Forgetting Sarah Marshall is just an enormously funny movie, even if I’ll never really be able to look at Jason Segal the same way now that I – and the entire rest of the movie-going world have seen his unwrapped package.

There’s actually not much more I can even say about it. It’s one uncomfortably funny moment after another, with everyone having a lot of fun with what they’re doing.

Movie Journal: Speed Racer

It’s actually kind of funny that Speed Racer wound up being the in-flight movie on my return trip to Chicago from San Fransisco. It’s funny because at The Converation, one of the graphic artists who worked on the movie was on a panel and joked, after showing a clip, that the amount of people who had seen footage from the movie had just doubled.

I did not think Speed Racer was as bad as some of the release reviews made it sound. In fact it’s quite enjoyable if you decide to go with the flow of the movie. I’m still no fan of Emil Hirsch (insufferable in Into the Wild) but he’s not bad here. And the rest of the cast performs admirably, especially John Goodman as Speed Racer’s mechanic father.

It’s fast and light-weight, and the comments about the colors popping off the screen certainly hold true even on a tiny airplane seat-back screen. And I think the opinion that it was made for and perfectly acceptable for kids is more or less true. Sure there are some things that are going to have to be explained but that’s true in just about anything that’s not Blue’s Clues.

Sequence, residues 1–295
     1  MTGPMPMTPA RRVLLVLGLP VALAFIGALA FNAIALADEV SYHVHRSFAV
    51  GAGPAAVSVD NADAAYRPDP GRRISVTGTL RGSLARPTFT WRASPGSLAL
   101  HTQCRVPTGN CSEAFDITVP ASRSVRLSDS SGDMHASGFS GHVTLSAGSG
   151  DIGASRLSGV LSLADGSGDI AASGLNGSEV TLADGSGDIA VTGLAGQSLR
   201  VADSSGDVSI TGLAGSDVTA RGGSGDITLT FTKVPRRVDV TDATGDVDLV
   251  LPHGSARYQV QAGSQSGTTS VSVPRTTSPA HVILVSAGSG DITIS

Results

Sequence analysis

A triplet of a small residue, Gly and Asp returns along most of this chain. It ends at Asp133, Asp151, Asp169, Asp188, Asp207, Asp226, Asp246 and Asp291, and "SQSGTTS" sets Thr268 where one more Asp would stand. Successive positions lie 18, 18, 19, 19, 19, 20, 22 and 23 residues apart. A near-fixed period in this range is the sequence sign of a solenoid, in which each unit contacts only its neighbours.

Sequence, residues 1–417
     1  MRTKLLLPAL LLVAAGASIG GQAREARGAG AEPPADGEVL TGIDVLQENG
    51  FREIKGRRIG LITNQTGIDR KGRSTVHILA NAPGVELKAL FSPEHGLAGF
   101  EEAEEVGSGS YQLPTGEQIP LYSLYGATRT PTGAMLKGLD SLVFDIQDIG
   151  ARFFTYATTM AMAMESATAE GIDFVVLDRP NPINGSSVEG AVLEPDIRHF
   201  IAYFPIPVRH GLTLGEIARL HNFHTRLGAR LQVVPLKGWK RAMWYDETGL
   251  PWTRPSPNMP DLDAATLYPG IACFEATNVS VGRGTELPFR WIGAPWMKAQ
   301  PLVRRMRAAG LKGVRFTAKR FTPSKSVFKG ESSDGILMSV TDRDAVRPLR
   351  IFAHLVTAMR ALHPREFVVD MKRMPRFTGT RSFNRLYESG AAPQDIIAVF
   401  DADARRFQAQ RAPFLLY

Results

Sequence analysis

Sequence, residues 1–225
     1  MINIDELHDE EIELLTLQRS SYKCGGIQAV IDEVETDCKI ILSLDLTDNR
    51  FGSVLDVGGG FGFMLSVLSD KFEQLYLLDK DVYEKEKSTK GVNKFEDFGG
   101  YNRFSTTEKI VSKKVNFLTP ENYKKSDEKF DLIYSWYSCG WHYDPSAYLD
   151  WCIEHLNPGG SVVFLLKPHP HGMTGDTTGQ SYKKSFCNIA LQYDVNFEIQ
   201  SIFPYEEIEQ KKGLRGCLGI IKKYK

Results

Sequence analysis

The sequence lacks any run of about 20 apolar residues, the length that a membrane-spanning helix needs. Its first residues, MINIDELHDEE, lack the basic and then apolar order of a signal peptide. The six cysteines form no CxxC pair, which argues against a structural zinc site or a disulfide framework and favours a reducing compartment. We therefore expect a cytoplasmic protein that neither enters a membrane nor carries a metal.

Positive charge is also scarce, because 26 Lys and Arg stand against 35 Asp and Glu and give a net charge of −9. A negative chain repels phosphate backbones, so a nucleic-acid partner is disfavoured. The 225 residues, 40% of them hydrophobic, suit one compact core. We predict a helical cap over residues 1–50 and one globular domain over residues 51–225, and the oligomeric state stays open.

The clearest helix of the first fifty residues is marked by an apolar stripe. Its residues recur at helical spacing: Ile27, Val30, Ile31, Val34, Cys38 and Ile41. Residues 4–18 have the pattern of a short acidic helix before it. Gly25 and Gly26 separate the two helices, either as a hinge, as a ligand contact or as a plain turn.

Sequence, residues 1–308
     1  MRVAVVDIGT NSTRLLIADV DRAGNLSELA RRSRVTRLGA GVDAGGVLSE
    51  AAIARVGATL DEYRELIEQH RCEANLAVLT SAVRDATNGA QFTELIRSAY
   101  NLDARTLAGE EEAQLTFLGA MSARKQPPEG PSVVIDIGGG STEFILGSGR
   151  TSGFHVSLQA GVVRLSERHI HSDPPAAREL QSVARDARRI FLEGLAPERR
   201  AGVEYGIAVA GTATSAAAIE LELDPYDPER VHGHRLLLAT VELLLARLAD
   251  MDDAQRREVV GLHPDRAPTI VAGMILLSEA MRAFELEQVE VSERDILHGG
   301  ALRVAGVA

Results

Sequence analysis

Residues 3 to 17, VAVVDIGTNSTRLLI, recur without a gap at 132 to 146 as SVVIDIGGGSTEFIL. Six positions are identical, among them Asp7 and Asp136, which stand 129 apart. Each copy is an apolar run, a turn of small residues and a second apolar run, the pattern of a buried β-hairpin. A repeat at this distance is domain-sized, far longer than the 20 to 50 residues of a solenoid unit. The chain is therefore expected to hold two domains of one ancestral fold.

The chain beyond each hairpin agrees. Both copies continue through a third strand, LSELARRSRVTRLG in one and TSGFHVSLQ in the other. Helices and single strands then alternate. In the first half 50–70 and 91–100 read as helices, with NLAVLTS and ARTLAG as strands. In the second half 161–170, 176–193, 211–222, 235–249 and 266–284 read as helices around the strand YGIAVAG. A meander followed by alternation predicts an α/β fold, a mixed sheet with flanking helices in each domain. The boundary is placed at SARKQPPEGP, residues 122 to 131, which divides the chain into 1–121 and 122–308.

After watching such a poor presentation I actually found myself looking forward to watching it again on a bigger screen and so have kept it in my Netflix queue.

Movie Journal: Be Kind Rewind

My enjoyment of Be Kind Rewind was probably hampered by the fact that I watched it on an airplane. But even giving it the benefit of the doubt I have to say it was not very good. At least I didn’t quite get what Michael Gondry was going for with it.

I get the story – two local characters try to save a neighborhood video store when one of them somehow becomes magnetic and accidentally erases all the tapes by shooting their own versions of the movies and renting them to an unsuspecting clientele. But it’s the execution that gets in the way of my enjoyment. Black is mostly just annoying as the cause of the problems and Mos Def tries to be charming as the one who takes charage of the store’s revitalization but he’s just not that good an actor.

Plus, there’s this whole thing where occassionally the screen fills with static like Black’s magnetism is effecting the camera that’s shooting the movie and that wound up just bugging me the more often it happened. I have no problem with breaking the fourth wall but this little affectation served no purpose other than to make Gondry seem clever.

It’s not a bad movie, it’s just pointlessly amused with itself.